Do you sometimes find it hard to source good-quality arrangements of piano sheet music (especially pop) that your students actually enjoy playing, that actually sound good and that are fun to teach?
Or are you a bit sick of the simplified arrangements of your favourite music (classical, movies, jazz...you name it!) that you find in method books or online and are you ready to explore some new options?
If you're a classically-trained teacher who prefers to teach music with the score and would love to work on more pop, jazz or film music with your students, then you need to check this out.
Noviscore is a completely new breed of 100% legal sheet music download sites that I recently discovered and know that you're going to love!
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Make your piano playing a really fun experience by making the most of the digital piano sheet music available on our website. Whether you’re a beginner or an experienced musician, you can view and print sheet music that matches your own personal skill level. Most sheet music includes reading aids to help you with deciphering notes. You can also download an audio excerpt played by a professional pianist to give you musical direction. This will help you understand the piano sheets even better.
There are a few key features that set Noviscore apart from other sheet music sites:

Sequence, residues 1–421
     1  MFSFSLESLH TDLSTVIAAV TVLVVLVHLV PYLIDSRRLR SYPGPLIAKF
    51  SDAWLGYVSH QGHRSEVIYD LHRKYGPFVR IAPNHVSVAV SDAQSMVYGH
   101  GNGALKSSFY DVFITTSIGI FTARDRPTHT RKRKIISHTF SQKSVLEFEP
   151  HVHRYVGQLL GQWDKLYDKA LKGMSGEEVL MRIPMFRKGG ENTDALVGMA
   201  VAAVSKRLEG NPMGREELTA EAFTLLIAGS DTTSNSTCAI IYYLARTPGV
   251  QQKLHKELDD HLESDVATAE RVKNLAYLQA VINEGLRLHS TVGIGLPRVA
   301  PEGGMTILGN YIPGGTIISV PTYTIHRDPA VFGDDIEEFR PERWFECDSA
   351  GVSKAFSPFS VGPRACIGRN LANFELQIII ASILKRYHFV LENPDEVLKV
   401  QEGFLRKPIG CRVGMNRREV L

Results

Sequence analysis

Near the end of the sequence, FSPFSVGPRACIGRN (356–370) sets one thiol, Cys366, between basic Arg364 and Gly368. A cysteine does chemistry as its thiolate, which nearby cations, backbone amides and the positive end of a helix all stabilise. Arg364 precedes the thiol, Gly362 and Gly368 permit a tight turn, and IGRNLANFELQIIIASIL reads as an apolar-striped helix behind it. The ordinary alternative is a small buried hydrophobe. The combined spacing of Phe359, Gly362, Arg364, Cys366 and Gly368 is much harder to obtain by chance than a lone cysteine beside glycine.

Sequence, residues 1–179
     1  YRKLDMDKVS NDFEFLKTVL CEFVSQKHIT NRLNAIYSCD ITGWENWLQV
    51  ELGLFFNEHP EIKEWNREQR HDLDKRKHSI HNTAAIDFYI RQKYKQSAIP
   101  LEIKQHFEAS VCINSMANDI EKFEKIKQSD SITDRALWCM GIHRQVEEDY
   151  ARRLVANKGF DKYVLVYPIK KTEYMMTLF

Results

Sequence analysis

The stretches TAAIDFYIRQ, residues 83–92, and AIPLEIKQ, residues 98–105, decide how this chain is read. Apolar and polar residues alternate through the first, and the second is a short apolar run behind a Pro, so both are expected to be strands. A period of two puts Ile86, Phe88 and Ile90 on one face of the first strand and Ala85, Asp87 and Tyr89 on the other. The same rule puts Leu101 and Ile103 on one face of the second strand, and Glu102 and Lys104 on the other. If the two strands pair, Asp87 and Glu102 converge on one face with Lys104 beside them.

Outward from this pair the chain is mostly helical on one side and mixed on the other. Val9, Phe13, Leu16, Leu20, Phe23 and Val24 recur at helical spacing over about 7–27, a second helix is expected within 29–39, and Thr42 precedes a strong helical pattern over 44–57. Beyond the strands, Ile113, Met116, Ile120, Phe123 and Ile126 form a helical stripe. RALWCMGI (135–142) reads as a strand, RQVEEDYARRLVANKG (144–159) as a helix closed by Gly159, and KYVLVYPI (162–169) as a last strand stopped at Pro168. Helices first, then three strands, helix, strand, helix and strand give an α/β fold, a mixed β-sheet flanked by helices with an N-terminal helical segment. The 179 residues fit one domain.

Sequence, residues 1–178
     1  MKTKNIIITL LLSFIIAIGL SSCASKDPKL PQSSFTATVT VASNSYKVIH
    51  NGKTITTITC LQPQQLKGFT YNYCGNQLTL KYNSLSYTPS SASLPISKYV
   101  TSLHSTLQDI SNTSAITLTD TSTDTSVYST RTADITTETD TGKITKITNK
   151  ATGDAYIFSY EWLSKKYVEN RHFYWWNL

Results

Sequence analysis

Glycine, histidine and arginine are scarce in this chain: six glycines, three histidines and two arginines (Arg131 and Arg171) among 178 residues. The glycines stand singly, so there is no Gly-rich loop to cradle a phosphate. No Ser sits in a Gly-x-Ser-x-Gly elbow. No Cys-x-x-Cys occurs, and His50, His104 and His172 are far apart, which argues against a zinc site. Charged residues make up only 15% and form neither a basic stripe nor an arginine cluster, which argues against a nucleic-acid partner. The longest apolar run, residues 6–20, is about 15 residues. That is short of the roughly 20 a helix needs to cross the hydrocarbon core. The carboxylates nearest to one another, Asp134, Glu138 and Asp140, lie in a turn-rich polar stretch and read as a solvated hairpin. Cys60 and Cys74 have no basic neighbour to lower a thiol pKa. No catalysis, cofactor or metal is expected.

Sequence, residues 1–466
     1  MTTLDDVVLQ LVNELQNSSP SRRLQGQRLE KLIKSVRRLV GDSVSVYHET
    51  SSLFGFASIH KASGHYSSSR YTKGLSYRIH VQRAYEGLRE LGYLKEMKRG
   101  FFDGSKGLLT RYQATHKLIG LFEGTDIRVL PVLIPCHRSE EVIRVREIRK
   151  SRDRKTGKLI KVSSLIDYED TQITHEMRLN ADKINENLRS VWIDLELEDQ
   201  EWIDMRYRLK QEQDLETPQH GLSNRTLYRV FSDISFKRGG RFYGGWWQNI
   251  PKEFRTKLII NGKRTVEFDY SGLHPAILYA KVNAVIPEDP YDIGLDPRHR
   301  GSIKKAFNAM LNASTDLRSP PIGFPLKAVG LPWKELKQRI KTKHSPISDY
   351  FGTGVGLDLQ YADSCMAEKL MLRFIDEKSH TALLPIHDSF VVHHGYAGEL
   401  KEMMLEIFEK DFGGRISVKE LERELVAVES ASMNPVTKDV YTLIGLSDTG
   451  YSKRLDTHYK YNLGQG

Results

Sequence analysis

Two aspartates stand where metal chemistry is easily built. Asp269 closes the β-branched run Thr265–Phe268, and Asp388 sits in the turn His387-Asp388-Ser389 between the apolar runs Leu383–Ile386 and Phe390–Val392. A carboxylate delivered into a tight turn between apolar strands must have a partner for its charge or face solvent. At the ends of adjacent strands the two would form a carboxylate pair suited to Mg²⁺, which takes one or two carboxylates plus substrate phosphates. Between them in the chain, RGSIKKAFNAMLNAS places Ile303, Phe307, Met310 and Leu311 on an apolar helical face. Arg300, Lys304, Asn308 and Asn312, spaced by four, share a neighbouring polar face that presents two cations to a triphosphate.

One of the most obvious differences about Noviscore is the quality of arrangement. All pieces are all individually created by their own in-house team of pianists (not just downloaded from elsewhere). Not only do they sound good, they are well laid-out and very playable.
Here's what Noviscore says about its approach:
Regarding our catalogue, we have decided to provide quality and variety of offer (as opposed to volume) for each song. The sheet music we provide has not been simply downloaded from another site and posted up on our own. Each one has been carefully created by us. We are experienced pianists ourselves so we are eager to provide you with piano sheet music of high musical quality that is perfectly adapted to this wonderful instrument: the piano.
Want to see it in action? Watch this video of me explaining the site and how it works:
Finding good written arrangements of current pop music that beginners can play can be a real challenge and that's where Noviscore excels.
Let's say you have a student that really wants to learn Comptine d'un autre été from Amelie.
This is how the original looks:
The left hand is particularly tricky if played correctly and can be a real challenge for students with smaller hands.
Now here's the Level 1 version that is approachable by much more beginner-level learners:
Same key, same great sounds, but a much more approachable arrangement. And of course if this is too simple, you can check out Level 2 which sits between these arrangements.
This is the great benefit of working with Noviscore: not only do you get great arrangements, but you can find simplified ones where they just didn't exist before (or if they did, they were either illegal or terrible anyway!).
Noviscore has developed a couple of great tools to help beginner pianists learn to play music faster. One is "Reading Help" which includes some note names and fingerings on the score which will be of great benefit to students learning piano.